A very interesting and "many times argued" issue for boaters...I'll add my $.02 worth...
All types of fuel carried on board a moving vessel must be stored carefully whether it be diesel
, gasoline, alcohol, LPG, kerosene, propane
, or whatever...common sense dictates a reasonable and thoughtful amount of caution with all of these.
As a user of a pressure alcohol stoves for a number of years I will add the following comments from experience. I have a stainless Hillerange (stove and oven) on my C&C
which we weekend and vacation
on - it has a new steel
pressure tank with quality hoses and hardware
. I buy the alcohol in a steel
jug and secure it in a small locker where it can't move about. Until I found the source of a slow leak (a valve in the stove), I too had to pump up the tank each day. This is a perhaps once per weekend thing without the leak now...
My wife is a tea drinker so we use it regularly when aboard...I have baked bread succesfully and find the heat produced by the elements quite satisfactory but perhaps not as good as propane. It boils water
very nicely and burner control from almost no flame to blast furnace is excellent. The preheat proceedure, however, is a pain and one misunderstood by many who have had "trouble" with an alcohol stove and think they're dangerous. This, in my opinion, is the major downfall of alcohol stoves...and why I can't completely disagree with the assessment of them as dangerous. I'll bet that almost all of the serious fires caused by pressure alcohol stoves are as a direct result of the user, not the equipment
. If you are not trained in the use of this type of stove and lack the patience necessary to use it properly, I guarentee you'll have problems.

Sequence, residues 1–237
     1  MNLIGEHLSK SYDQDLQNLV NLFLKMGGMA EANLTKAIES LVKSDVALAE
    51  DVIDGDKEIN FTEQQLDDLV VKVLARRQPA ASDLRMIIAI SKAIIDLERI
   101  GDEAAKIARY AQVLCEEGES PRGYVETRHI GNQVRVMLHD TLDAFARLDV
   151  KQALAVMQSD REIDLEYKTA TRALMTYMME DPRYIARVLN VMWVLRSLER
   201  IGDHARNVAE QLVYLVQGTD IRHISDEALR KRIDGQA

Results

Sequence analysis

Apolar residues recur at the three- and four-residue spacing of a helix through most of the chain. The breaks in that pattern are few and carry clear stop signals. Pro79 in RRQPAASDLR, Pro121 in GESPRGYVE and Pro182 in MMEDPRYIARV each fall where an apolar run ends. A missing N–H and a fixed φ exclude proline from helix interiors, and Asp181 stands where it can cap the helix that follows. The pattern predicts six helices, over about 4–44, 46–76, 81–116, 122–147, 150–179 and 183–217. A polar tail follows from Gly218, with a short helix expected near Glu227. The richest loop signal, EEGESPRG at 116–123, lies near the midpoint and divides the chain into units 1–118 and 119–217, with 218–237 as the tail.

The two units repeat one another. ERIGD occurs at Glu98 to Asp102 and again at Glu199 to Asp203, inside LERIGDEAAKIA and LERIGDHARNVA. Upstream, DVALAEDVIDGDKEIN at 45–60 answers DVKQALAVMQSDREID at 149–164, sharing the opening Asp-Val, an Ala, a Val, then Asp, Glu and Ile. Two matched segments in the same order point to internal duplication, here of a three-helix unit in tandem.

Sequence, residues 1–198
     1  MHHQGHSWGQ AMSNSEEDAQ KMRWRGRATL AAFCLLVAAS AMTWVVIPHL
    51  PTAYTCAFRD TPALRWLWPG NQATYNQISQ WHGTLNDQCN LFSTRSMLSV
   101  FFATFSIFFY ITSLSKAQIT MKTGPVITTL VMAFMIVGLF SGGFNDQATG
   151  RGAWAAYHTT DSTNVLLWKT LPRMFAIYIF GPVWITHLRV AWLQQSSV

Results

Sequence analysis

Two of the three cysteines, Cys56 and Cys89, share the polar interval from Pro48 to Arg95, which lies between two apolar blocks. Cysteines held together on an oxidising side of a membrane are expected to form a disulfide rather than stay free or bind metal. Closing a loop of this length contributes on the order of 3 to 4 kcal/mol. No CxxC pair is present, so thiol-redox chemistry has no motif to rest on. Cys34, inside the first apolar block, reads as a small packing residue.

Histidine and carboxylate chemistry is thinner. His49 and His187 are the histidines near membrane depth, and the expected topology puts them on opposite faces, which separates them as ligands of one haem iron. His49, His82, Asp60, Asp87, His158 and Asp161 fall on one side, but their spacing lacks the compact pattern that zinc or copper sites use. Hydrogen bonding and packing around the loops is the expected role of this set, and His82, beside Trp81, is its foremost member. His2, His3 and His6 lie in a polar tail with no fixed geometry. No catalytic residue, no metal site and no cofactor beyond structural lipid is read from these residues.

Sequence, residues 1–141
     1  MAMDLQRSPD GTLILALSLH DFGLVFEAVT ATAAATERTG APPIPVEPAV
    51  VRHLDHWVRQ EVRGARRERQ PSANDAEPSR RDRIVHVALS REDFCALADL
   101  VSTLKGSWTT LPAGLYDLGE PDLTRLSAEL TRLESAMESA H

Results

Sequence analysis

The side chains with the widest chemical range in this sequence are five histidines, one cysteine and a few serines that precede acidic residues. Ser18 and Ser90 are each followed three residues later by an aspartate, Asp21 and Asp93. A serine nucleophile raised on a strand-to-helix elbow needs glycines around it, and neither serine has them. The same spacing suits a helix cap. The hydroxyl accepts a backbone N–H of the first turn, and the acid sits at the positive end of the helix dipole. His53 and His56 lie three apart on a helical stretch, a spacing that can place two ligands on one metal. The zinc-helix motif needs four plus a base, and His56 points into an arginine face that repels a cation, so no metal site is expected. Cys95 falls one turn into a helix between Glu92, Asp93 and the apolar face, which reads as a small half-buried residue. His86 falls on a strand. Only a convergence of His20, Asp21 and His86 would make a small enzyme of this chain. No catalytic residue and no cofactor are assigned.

Anyone who cares to read or learn the procedure to properly preheat and use an alcohol stove can do it safely, every time! The "problems" we have encountered have been when my wife (bless her, of course) uses the thing but doesn't remember to be patient...it's not that it takes that much, but some patience is required...too much liquid alcohol in the burners before it's hot enough to vaporize and you get a flare-up...providing you've turned off the supply to the element, it's not particularly dangerous - it burns itself out and off you go with your cooking - it looks more dangerous than it is in most instances - one should not have combustibles around or over your stove in any case....I, myself have never had a problem in using a pressure alcohol stove but I understand the process and do it the same EVERY time...
My next boat will likely have propane and I'll likely be as happy with that as with alcohol...it presents different challenges from a safety
perspective but is certainly much easier for most people to use - no question. That alone probably makes it a safer cooking source. I would never allow anyone to use my current
stove without strict instruction and much hovering and reassurance...it's too easy to have a problem...most people can, however, safely use a propane stove with little instruction providing the basic systems (solenoid, sniffers, vented box, etc.) have been put in place.
There is nothing inherently dangerous about a pressure alcohol stove IMO, but it takes an understanding of the process to use one safely. I can't speak to supply and cost as I've only been using alcohol (stove alcohol anyway
) in Canada
and the US where it's in pretty good supply...
Happy and safe sailing to everyone...